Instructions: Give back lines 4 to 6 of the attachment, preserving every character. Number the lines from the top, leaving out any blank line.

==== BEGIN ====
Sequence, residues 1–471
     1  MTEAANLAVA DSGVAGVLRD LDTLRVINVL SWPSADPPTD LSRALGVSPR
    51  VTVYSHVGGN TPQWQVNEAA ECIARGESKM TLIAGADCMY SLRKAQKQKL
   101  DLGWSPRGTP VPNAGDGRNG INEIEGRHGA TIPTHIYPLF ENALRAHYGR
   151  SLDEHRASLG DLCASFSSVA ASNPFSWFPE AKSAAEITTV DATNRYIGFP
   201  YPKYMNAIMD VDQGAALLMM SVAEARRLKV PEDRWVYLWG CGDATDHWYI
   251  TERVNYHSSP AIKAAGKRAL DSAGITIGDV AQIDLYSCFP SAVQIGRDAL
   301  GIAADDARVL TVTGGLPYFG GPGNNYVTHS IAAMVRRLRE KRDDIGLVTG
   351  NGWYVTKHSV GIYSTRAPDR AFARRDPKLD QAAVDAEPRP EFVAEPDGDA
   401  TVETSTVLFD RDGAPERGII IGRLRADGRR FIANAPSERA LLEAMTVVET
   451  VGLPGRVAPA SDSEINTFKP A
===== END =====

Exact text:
   101  DLGWSPRGTP VPNAGDGRNG INEIEGRHGA TIPTHIYPLF ENALRAHYGR
   151  SLDEHRASLG DLCASFSSVA ASNPFSWFPE AKSAAEITTV DATNRYIGFP
   201  YPKYMNAIMD VDQGAALLMM SVAEARRLKV PEDRWVYLWG CGDATDHWYI